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Iraq Transition

Cheney: 'Self-appointed strategists' forcing withdrawal

Story Highlights

NEW: Vice president repeats White House veto threat if Iraq bill includes deadlines
• Sens. Harry Reid, Russ Feingold sponsoring bill to end most war funding in 2008
• Reid spokesman says it's an effort to change White House policy on war
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BIRMINGHAM, Alabama (CNN) -- Vice President Dick Cheney on Monday blasted "self-appointed strategists" on Capitol Hill for trying to force the withdrawal of U.S. troops from Iraq, declaring the U.S. military answers to the president, not Congress.

Speaking to a fundraising luncheon for Sen. Jeff Sessions, a Republican from Alabama, Cheney repeated President Bush's promise to veto an upcoming emergency war-spending bill if it contains any timetable for a withdrawal.

"It's time the self-appointed strategists on Capitol Hill understood a very simple concept: You cannot win a war if you tell the enemy you're going to quit," he said.

Both Bush and congressional leaders say each other would be to blame for stalling money for the war effort if the president vetoes the bill.

Cheney said Democrats are trying to push the president into accepting "unwise and inappropriate restrictions on our commanders."

"The fact is that the United States military answers to one commander-in-chief in the White House, not 535 commanders-in-chief on Capitol Hill," he added. "We expect the House and the Senate to meet the needs of our military on time, in full, and with no strings attached."

He urged Congress to "stop the political theater" and send Bush an acceptable war-spending bill before the Pentagon begins to run low on cash later this spring.

Meanwhile, the standoff between Congress and the White House over Iraq ratcheted up another notch Monday over war funding.

Majority Leader Harry Reid of Nevada is joining Sen. Russ Feingold, D-Wisconsin, in sponsoring a new Iraq bill that would end the majority of Iraq war funding after March 31, 2008, the day Senate Democrats originally proposed pulling troops out of the war-ravaged nation.

The bill would permit spending in only three areas: fighting al Qaeda, training Iraqis and protecting the U.S. Embassy and personnel. (Watch how the political chess match between Congress and the White House is being played out Video)

Reid's spokesman, Jim Manley, concedes passing the bill won't be easy.

"This is an uphill battle, but it's the next step in a series of things to try and change the president's policy in Iraq," he said.

White House spokesman Dana Perino responded by accusing Democrats of changing their stance on Iraq. "It's almost shifting so fast, it's like a sandstorm," she said.

Perino insisted funding is essential.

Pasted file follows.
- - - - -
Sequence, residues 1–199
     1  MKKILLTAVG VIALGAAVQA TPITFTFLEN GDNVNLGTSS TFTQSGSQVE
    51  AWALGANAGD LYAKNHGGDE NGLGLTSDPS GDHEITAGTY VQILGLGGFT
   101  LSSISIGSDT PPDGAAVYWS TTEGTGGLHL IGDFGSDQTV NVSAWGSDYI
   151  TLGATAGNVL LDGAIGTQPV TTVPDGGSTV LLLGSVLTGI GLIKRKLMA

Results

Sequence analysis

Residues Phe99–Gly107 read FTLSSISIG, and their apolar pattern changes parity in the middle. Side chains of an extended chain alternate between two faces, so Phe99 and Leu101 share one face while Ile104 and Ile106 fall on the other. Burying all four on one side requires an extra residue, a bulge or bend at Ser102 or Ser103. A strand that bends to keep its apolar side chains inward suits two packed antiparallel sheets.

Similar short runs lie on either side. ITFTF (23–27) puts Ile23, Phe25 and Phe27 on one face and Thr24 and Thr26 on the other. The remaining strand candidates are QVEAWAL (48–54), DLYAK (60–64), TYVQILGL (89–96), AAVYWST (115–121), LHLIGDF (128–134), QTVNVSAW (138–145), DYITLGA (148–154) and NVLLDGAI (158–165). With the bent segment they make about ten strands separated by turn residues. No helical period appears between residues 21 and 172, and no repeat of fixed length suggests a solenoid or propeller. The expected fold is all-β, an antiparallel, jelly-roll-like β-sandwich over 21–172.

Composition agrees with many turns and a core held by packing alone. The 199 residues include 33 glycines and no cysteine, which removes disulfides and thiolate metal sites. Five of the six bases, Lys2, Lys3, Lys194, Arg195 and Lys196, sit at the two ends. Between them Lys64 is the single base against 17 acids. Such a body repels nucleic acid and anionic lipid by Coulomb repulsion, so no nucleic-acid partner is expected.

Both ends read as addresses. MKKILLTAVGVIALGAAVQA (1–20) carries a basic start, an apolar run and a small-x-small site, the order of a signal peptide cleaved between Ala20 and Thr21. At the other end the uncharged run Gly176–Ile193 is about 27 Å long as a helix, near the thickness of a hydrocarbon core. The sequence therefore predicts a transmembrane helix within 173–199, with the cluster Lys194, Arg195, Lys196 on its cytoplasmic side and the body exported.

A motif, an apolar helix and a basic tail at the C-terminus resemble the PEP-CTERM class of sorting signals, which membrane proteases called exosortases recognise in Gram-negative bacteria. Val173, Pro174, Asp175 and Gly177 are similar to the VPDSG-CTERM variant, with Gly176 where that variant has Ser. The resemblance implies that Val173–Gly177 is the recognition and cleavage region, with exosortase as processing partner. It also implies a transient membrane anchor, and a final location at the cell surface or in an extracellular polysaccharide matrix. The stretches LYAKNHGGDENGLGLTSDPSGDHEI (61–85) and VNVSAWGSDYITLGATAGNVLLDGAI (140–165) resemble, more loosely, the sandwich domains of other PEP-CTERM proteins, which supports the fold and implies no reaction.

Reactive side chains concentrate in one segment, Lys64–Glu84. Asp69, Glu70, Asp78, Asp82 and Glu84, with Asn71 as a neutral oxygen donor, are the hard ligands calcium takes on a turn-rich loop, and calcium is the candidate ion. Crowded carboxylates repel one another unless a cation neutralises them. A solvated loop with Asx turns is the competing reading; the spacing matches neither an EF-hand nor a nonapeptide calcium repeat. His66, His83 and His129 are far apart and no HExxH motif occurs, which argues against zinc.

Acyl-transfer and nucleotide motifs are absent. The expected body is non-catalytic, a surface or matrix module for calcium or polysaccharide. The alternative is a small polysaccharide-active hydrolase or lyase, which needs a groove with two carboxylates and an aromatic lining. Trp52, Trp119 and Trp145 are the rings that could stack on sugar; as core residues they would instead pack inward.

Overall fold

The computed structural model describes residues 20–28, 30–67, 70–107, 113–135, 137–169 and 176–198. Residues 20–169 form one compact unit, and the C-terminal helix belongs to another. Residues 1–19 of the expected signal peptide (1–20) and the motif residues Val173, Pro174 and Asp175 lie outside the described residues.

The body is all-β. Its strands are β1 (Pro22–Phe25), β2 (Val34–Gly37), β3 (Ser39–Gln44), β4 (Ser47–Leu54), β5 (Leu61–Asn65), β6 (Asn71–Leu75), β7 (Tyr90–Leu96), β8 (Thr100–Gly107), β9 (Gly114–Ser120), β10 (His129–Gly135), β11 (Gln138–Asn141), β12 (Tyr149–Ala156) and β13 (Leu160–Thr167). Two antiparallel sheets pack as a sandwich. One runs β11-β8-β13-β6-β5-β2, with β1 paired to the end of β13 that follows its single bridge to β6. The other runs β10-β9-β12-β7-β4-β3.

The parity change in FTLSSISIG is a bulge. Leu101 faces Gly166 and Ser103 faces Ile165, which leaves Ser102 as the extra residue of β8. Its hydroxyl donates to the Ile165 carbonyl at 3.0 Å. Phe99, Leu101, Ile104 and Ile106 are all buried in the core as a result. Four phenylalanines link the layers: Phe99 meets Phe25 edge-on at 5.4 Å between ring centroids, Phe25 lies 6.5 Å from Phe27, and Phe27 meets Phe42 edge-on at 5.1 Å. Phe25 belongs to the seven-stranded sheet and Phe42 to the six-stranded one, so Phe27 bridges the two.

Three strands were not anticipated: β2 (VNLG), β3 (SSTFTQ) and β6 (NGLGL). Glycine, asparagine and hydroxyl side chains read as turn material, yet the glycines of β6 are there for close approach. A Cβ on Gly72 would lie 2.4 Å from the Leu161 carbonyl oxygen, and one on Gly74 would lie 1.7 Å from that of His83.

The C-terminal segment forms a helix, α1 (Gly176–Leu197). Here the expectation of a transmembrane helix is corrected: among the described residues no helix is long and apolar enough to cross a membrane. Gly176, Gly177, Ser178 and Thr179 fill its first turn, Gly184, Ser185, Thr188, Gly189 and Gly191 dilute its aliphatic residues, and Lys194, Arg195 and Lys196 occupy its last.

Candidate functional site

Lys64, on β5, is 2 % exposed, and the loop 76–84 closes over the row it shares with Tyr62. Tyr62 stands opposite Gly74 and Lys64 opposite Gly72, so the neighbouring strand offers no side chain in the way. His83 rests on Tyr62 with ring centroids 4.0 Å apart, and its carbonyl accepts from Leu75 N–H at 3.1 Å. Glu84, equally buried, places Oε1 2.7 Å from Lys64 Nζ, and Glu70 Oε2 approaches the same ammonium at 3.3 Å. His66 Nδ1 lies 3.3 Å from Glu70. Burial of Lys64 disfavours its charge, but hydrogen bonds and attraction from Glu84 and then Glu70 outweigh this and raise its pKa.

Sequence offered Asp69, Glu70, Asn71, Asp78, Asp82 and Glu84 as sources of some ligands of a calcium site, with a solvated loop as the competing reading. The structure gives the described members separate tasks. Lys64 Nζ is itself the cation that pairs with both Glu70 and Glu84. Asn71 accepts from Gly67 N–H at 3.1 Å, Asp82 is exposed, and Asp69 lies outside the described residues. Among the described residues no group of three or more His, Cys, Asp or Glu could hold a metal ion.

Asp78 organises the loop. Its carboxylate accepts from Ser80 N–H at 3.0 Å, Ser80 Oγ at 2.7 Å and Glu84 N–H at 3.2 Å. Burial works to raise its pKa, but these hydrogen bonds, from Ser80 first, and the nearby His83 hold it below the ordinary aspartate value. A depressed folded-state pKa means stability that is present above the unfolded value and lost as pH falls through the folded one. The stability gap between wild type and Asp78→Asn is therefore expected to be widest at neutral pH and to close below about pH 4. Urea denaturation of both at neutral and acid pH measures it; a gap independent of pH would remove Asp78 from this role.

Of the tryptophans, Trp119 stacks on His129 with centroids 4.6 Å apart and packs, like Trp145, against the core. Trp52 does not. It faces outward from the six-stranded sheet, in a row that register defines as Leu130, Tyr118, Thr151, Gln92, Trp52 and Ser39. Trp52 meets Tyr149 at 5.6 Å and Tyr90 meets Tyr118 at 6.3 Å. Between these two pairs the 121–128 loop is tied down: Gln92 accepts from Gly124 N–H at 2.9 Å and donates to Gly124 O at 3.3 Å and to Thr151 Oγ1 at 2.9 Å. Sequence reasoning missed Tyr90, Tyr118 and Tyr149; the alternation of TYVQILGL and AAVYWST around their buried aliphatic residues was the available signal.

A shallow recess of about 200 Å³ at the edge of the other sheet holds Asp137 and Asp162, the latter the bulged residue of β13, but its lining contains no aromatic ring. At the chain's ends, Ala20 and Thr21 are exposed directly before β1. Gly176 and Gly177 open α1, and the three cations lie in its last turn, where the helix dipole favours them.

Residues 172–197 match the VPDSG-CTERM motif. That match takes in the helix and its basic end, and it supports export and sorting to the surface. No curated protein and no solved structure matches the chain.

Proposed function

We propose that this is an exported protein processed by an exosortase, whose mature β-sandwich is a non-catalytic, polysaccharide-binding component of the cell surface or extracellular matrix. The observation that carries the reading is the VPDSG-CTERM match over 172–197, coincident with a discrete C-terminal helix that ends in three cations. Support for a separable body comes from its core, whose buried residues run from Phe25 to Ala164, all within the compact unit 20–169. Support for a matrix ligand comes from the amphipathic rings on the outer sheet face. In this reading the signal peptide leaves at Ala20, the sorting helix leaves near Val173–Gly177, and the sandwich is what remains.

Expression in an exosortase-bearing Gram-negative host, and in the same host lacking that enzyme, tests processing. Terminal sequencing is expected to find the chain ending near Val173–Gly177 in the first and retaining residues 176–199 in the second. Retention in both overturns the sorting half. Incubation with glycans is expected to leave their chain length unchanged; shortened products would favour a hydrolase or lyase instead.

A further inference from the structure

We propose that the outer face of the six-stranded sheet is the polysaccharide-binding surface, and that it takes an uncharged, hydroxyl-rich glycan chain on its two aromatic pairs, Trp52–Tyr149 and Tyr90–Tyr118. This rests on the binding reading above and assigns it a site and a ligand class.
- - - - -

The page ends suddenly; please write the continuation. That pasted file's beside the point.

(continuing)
At the Sessions fundraiser, Cheney said Democrats are essentially telling U.S. troops to "retreat -- with no regard whatsoever for the actual conditions on the ground in Iraq."

"When members of Congress speak not of victory but of time limits, deadlines or other arbitrary measures, they're telling the enemy to simply watch the clock and wait us out," he said.

Last week, the Senate passed a $123 billion Iraq spending measure that recommends a final withdrawal of all troops by March 31, 2008, and mandated that troops begin redeployment within four months of the bill's passage.

Congressional negotiators are trying to reconcile that bill with a House version calling for an August withdrawal.

Bush, meanwhile, is threatening to veto any bill that sets a timetable for withdrawing troops, even if the bill contains vital war money.

Cheney reiterated that threat during his Monday speech, saying that "if either version comes to the president's desk, he will use the veto power, no question about it."

He added, "It's also clear that we've got enough supporters of the military in Congress to sustain a veto, and so it is pointless for the Democrats to continue pursuing this legislation."

Reid apparently is trying to leverage the White House by toughening the bill, and he is pushing to vote on the new measure within the next two months.

In a statement, Reid said that if Bush vetoes the legislation, "I will work to ensure this [new bill] receives a vote in the Senate in the next work period." (Watch why Bush says the Democratic budget could endanger security Video)

The work period begins April 10, when the Senate returns from its spring recess, and ends Memorial Day.

Republican staff members tell CNN that Senate Minority Leader Mitch McConnell is looking closely at the bill. McConnell has repeatedly challenged anti-war lawmakers to cut off funds for the war rather than impose conditions that would force a withdrawal, but he said Monday that Reid's measure amounts to "an arbitrary surrender date."

"The chosen date isn't tied to circumstances on the ground or the needs of the military commanders," the Kentucky Republican said in a written statement. "It's completely arbitrary. It was pulled out of thin air, and the terrorists have already marked it on their calendars."

A McConnell aide told CNN that Reid simply cannot get the votes to support this latest bill, but Manley rejected that assessment.

Manley scoffs at that assertion: "No one knows where the votes are until we call the roll."


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Sens. Harry Reid, left, and Russ Feingold are co-sponsoring a bill that would end most Iraq war funding on March 31, 2008.

SPECIAL REPORT

• Interactive: Who's who in Iraq
• Interactive: Sectarian divide
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